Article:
Tuesday, December 17, 2013

The Romantic Era (pt. 9)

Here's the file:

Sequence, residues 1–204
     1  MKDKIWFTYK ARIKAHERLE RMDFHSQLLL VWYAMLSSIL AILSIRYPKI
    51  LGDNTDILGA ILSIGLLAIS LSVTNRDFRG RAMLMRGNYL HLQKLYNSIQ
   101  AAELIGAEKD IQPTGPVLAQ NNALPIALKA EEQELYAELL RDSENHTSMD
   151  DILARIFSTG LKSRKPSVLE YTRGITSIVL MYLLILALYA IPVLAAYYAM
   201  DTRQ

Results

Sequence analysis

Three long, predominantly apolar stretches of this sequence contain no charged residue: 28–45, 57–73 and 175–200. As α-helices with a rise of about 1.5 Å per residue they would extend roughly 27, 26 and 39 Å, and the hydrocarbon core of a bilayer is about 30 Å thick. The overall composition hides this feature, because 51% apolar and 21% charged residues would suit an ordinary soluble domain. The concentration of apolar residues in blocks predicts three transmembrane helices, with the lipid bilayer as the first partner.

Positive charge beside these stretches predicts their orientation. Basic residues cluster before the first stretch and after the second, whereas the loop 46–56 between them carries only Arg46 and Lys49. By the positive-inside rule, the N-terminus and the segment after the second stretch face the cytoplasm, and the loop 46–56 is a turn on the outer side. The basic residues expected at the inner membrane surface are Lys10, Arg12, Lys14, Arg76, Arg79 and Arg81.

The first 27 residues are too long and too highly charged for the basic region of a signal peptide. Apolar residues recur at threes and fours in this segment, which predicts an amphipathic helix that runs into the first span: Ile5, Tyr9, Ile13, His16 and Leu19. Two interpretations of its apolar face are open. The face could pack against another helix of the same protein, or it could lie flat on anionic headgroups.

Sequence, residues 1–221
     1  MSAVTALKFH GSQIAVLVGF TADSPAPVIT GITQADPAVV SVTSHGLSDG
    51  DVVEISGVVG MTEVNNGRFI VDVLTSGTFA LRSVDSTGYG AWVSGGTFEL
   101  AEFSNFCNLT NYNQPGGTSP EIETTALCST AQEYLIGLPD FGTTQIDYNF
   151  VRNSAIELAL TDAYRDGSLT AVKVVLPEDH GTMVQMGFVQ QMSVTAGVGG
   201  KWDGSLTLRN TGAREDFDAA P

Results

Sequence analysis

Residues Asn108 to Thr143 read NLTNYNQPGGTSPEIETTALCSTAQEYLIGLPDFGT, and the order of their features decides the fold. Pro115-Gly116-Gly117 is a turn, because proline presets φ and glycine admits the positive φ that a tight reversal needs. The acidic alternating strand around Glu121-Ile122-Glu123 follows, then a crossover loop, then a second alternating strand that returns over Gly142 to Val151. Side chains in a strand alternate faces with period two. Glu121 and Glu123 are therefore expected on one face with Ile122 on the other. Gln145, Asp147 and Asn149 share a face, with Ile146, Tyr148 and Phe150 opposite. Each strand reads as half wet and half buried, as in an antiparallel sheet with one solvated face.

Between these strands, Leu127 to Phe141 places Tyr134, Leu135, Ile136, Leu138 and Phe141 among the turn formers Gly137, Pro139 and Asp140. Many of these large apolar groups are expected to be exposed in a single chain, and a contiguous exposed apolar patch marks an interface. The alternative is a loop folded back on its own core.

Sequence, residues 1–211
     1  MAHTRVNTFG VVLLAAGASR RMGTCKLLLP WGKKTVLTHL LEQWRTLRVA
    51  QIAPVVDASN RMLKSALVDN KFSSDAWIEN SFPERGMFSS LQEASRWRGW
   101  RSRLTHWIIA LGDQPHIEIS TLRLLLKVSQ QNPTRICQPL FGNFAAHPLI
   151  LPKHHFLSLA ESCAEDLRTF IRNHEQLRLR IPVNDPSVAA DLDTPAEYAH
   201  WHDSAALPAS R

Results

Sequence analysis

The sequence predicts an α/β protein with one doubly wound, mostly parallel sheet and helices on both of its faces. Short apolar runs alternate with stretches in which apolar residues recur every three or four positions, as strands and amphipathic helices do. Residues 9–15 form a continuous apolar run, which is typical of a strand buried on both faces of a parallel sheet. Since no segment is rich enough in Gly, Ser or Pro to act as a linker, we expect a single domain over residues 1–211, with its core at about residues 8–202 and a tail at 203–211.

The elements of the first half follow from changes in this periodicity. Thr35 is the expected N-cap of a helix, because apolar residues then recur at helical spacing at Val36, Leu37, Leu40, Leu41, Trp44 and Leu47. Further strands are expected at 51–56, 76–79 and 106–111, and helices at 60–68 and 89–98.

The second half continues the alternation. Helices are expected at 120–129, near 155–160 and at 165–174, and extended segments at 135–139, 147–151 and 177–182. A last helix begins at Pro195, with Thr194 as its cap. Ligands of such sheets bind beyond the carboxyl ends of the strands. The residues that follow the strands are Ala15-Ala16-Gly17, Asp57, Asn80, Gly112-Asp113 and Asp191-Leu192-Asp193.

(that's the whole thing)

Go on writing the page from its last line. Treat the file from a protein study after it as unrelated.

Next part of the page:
After travelling through Morocco, Tangier, and Algiers in 1832, Delacroix became newly inspired.  His later works invoked these new, exotic settings which Delacroix loved to paint so much, and combined them with another of the artist's favorite motifs: dramatic action.  He completed The Lion Hunt toward the end of his life, and it marked one of the most artistically important accomplishments of his life.  In it we see the dominant theme of action and the exotic setting and subject matter no doubt inspired by the artist's own travels.  Color was the most important element in the painting for Delacroix.  Emotion, instantly evident, bursts from the chaotic scene, and our eye darts across the canvas, this way and that, as swiftly as we can imagine the figures in the scene must have been moving.  The fierce moment of conflict—the thick of the battle—is marvelously captured on the men's faces, but notice how the painting's wavy lines and incoherent geometrical construction lends to its sense of motion and kinetic action.  We almost can't see the faces of the men and can't judge some of their expressions because things are moving too fast.  This technical concept will be adopted more thoroughly in the years to come.

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